Fishman Haygood Secures Settlement in Rouses Dispute
October 16, 2014
Thibodaux-based retail grocery chain Rouses Enterprises and Baton Rouge-based wholesale grocery supplier Associated Grocers have reached an undisclosed settlement in a legal dispute after three days of trial last week.
“The Rouse family is very satisfied with this resolution,” managing partner Donny Rouse said in a statement Monday. He said terms of the settlement are confidential.
Rouses had claimed in a lawsuit filed in state district court in Thibodaux that it had been ousted improperly from membership in Associated Grocers in 2008 and was not compensated fairly for an ownership interest in the grocery distribution company.
In addition to more than $900,000 in alleged damages, Rouses had sought return of its membership in Associated Grocers.
James Swanson, a New Orleans lawyer for Rouses, would not discuss terms of the settlement between Rouses and Associated Grocers.
“Rouses will continue to obtain its grocery supply from Associated Wholesale Grocers,” Swanson said Monday.
Associated Wholesale Grocers is based in Kansas City, Kansas, and is not affiliated with Baton Rouge-based Associated Grocers.
The Kansas food supplier reported sales of nearly $8.4 billion for the 2013 fiscal year.
J.H. Campbell Jr., president of Associated Grocers, confirmed that Rouses is still not a member of the Baton Rouge wholesaler, but would not discuss details of the settlement.
“Both parties are satisfied with the agreement, so we move on,” Campbell said. “It was an amicable settlement.”
Prior to the Thibodaux trial, Associated Grocers claimed in court documents that it did not wrongfully terminate Rouses and paid Rouses the correct redemption price for its stock.
Before last week’s jury trial, 17th Judicial District Judge F.H. “Buddy” Larose on Oct. 3 had denied Associated Grocers’ request for summary judgment. The judge said he was “not convinced that the membership contract between AG and Rouses was terminable at-will.”
As far as the early redemption of Rouses stock for a 2007 price is concerned, Larose said: “The by-laws grant the power to surrender stock held by a member to that member, not the corporation. Thus AG, the corporation, did not have authority to surrender the stock” held by Rouses.
For more than 40 years, Rouses stores and Associated Grocers were each a part of the other’s growth.
Associated Grocers was founded in 1950 by 17 independent retail grocers and now serves a membership of more than 220 independent supermarkets in Louisiana, Texas and Mississippi. Rouses Enterprises opened its first store in Houma in 1960, joining Associated Grocers in 1965. Rouses now has more than 40 stores.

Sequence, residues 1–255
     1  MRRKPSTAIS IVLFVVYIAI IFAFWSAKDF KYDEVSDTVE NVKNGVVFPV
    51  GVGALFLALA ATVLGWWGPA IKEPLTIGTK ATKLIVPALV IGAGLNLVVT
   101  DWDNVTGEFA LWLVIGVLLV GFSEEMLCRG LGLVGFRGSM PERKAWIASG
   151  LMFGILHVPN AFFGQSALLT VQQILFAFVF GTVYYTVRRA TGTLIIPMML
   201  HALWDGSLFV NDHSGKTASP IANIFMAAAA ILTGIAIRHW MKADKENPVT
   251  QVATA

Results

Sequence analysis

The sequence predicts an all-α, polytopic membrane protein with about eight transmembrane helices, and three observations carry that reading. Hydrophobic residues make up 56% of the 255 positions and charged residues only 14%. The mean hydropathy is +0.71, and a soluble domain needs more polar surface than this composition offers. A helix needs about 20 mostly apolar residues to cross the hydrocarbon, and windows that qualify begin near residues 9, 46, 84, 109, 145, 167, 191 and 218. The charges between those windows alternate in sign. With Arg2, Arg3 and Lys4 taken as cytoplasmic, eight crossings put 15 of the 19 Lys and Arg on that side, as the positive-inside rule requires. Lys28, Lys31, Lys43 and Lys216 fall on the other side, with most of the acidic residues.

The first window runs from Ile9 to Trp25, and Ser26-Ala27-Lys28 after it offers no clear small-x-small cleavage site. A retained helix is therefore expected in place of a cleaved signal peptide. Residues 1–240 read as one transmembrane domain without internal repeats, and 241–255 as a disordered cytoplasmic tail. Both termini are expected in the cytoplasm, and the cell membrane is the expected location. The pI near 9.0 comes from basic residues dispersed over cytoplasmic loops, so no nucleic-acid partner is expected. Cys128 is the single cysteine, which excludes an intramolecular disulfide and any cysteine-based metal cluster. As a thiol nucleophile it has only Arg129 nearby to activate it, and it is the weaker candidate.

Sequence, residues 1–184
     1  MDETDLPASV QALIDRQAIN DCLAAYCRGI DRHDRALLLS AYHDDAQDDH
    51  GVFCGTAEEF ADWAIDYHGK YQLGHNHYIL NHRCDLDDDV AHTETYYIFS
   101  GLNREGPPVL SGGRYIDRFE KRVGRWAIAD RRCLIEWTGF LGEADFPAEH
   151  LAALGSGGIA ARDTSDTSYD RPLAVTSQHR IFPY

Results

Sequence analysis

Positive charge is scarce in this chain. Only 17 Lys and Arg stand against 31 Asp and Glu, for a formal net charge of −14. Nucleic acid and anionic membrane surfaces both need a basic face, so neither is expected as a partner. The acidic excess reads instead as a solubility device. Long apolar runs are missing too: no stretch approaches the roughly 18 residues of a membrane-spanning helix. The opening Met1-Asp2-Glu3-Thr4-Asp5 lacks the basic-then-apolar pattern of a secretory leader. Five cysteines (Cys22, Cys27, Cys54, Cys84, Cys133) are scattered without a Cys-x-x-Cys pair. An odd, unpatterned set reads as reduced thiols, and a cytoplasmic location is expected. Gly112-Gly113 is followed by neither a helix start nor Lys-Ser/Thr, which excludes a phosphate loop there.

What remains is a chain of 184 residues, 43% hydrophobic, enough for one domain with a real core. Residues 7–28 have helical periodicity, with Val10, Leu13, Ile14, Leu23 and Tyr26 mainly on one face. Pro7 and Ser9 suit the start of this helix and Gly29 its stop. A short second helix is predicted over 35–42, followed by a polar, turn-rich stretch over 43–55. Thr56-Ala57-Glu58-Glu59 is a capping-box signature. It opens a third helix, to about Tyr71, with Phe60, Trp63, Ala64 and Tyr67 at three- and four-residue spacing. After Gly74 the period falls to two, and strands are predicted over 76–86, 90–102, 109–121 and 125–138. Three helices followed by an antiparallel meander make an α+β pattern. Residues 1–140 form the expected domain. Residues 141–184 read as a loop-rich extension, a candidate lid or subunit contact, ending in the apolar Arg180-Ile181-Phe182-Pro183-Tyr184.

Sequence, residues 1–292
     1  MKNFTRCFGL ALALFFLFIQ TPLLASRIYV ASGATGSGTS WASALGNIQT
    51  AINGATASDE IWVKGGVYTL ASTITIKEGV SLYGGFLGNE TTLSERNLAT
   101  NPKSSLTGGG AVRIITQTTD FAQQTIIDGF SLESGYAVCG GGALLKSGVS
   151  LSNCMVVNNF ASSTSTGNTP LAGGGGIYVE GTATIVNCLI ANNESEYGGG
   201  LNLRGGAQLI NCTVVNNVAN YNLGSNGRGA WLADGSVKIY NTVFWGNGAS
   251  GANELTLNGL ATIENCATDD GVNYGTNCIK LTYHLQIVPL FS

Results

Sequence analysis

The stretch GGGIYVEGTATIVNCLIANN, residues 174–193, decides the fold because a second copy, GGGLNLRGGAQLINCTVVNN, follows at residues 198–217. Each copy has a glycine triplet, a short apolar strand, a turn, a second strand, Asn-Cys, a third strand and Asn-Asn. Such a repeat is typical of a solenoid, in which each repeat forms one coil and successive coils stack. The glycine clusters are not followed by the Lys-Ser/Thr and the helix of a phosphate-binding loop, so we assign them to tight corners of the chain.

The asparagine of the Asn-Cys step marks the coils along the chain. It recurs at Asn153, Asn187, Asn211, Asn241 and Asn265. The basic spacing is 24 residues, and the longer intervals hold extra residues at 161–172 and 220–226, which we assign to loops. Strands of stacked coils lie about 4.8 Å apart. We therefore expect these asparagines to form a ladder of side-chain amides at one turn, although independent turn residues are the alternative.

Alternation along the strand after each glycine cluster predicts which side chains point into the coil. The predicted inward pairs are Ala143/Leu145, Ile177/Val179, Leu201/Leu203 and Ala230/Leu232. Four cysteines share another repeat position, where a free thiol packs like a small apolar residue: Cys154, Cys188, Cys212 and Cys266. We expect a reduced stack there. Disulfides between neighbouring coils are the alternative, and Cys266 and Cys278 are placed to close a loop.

The two companies’ relationship ended in late 2007 and early 2008 as the Rouses brand doubled through an acquisition of 16 Sav-A-Center stores in the New Orleans metropolitan area.
What happened after those purchases was a matter of dispute at the Thibodaux courthouse in six years of legal filings.
Lawyers for Associated Grocers said in court documents that Rouses began considering membership termination in November 2007, when it unilaterally sought bids from alternative suppliers.
Associated Grocers said Rouses sent out letters in October 2007 to Supervalu, AWG, C&S Wholesale Grocers and Associated Grocers seeking a response to a request for proposal for a long-term supply agreement.
Officials of the Thibodaux firm acknowledged in court documents that they sought supply proposals from Associated Grocers and several other firms after they added the large group of New Orleans-area stores to their assets.
The Thibodaux company said it was then shocked when Associated Grocers proposed to increase the markup on Rouses’ groceries.
The company said Anthony J. Rouse Sr. was improperly removed from the Baton Rouge firm’s board of directors in March 2008. At the same time, Associated Grocers announced it would no longer supply food products to Rouses’ 16 newly acquired stores, Rouses alleged.
Rouses also alleged Associated Grocers improperly seized its AG stock and redeemed it for $900,000 less than it would have been worth a few months later.
Rouses said in its court filings that it held 20 percent of Associated Grocers’ stock and purchased $148 million in products from the Baton Rouge supplier in the year before their split. Court documents said Rouses stores accounted for more than 18 percent of AG’s business.
Associated Grocers claimed it did not improperly remove Rouses from membership and that “Rouses received the redemption value of (more than $11.9 million) for its Class B stock applying the 2007 prevailing price in accordance with the by-laws.”
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